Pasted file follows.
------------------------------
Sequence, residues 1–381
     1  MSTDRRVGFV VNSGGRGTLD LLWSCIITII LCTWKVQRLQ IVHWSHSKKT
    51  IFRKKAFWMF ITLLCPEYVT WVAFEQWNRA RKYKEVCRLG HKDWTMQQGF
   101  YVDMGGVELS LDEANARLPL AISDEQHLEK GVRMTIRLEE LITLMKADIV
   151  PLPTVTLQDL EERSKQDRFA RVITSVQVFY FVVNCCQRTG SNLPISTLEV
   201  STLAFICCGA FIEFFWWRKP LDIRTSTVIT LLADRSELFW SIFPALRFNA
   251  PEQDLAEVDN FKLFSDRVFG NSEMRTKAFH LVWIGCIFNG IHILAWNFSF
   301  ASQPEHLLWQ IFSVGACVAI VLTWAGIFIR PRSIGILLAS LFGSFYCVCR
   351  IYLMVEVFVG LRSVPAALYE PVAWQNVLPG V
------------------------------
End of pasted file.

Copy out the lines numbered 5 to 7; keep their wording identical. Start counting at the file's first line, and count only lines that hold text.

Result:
   151  PLPTVTLQDL EERSKQDRFA RVITSVQVFY FVVNCCQRTG SNLPISTLEV
   201  STLAFICCGA FIEFFWWRKP LDIRTSTVIT LLADRSELFW SIFPALRFNA
   251  PEQDLAEVDN FKLFSDRVFG NSEMRTKAFH LVWIGCIFNG IHILAWNFSF